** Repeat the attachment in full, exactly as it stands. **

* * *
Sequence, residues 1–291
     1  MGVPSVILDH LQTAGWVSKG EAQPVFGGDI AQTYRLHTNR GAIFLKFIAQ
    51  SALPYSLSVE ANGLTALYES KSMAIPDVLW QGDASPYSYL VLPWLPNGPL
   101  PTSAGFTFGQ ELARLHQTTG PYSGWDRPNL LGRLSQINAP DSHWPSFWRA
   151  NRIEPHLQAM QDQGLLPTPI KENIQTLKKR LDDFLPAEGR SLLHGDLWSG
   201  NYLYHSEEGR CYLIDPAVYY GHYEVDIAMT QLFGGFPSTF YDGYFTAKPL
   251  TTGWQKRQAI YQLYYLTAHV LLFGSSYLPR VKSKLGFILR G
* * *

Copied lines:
Sequence, residues 1–291
     1  MGVPSVILDH LQTAGWVSKG EAQPVFGGDI AQTYRLHTNR GAIFLKFIAQ
    51  SALPYSLSVE ANGLTALYES KSMAIPDVLW QGDASPYSYL VLPWLPNGPL
   101  PTSAGFTFGQ ELARLHQTTG PYSGWDRPNL LGRLSQINAP DSHWPSFWRA
   151  NRIEPHLQAM QDQGLLPTPI KENIQTLKKR LDDFLPAEGR SLLHGDLWSG
   201  NYLYHSEEGR CYLIDPAVYY GHYEVDIAMT QLFGGFPSTF YDGYFTAKPL
   251  TTGWQKRQAI YQLYYLTAHV LLFGSSYLPR VKSKLGFILR G